Apart from the usability tests we performed with the participants, we also reviewed and analyzed the initial Request for Proposal (RFP) written for Tehran online Web-based map by TMICTO. The RFP we analyzed didn’t include any minimum requirements for key human factors such as accessibility, usability and user experience factors. Our understanding is that TMICTO is either not aware of a user centered system development lifecycle method or no resources are dedicated to human factors.

4.3 Which Models and Methods Can Be Used to Evaluate It’s UX Strategy Maturity?

Different methods and patterns have been proposed for evaluating the UX strategy maturity within organizations. In this research, Chapman & Plewes (2014) model was used to evaluate the UX strategy maturity of Tehran online Web-based map portal. As discussed in literature review section, Chapman and Plewes (2014) proposed a 5 stages model that drives an organization from an “immature” toward a mature “stage” [6]. This model can help organization with defining each stage indicators quite distinctively, so that they would be able to evaluate each maturity stage based on clear metrics.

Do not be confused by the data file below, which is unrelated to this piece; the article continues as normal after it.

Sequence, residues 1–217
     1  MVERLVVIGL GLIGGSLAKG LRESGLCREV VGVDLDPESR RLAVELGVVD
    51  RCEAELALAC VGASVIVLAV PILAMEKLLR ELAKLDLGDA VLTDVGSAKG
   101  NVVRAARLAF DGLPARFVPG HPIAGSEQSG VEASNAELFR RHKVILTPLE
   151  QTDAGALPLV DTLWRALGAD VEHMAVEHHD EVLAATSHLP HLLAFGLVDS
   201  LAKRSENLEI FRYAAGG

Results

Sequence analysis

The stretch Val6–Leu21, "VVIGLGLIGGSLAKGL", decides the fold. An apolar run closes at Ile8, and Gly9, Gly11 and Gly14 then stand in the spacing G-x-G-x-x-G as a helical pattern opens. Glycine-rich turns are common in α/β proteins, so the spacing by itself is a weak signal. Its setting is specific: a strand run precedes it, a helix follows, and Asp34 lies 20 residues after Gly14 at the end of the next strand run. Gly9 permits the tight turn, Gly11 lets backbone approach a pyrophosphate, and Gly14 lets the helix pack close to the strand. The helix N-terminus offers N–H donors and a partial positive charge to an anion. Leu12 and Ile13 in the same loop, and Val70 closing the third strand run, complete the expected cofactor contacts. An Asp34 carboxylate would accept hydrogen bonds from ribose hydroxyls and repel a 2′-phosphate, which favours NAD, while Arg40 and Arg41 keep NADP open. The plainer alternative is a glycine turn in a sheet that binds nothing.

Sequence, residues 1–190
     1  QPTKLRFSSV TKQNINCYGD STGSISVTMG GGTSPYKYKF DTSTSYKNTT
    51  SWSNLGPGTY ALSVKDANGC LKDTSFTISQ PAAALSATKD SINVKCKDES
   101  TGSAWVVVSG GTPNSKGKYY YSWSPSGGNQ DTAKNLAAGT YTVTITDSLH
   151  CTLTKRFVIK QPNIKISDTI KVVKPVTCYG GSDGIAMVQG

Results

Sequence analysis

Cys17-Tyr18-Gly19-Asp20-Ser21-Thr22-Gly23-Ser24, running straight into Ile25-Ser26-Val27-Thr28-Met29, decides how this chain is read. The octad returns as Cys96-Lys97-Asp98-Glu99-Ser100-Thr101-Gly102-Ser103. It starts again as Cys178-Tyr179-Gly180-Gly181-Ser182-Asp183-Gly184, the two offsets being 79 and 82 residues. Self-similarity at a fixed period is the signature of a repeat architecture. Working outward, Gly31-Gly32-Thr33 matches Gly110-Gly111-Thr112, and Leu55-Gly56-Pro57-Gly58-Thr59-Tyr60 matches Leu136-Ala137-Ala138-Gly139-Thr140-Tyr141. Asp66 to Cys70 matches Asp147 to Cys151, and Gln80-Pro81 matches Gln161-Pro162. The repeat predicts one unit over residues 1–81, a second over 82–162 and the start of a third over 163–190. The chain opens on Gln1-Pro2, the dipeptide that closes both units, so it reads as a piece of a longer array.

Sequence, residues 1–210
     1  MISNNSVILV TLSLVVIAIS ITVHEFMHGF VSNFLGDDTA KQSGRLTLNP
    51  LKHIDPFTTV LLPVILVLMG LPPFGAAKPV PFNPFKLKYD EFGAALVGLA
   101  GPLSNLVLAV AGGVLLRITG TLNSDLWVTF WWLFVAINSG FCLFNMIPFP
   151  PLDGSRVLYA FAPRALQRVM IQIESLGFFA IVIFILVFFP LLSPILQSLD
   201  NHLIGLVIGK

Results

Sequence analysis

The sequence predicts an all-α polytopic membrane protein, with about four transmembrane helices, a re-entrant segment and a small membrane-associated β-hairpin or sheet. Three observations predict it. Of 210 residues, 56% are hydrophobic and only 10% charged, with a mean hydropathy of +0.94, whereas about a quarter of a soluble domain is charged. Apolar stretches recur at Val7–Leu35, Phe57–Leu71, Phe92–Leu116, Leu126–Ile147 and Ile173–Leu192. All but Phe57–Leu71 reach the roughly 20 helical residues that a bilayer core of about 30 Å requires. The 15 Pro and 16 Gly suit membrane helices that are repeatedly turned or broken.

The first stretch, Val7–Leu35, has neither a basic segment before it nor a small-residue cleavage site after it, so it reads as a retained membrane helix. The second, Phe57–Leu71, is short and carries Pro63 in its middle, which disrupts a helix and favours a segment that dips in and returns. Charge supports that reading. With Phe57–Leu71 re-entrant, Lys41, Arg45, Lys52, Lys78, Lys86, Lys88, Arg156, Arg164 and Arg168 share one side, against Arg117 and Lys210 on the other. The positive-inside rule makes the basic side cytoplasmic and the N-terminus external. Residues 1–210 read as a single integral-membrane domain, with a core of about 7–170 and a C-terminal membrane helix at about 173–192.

4.4 How Mature Is Tehran Web-Based Map in Terms of UX Strategy?

Based on our findings we can affirm that the level of UX literacy and UX strategy maturity at TMICTO is very low. TMICTO would definitely benefit from learning and applying a user-centered system development lifecycle methodology. It also appears that there is a very low level of applied knowledge about usability, UX and human factors at TMICTO. Based on chapman & Plewes (2014) model, this organization is at the very beginning stage. This first stage is where the organization just thinks of UX as end-user product add-on or a service visual design enhancement.

4.5 What Key Recommendations Can Be Formulated to Improve the Level of Tehran Web-Based Map UX Strategy Maturity?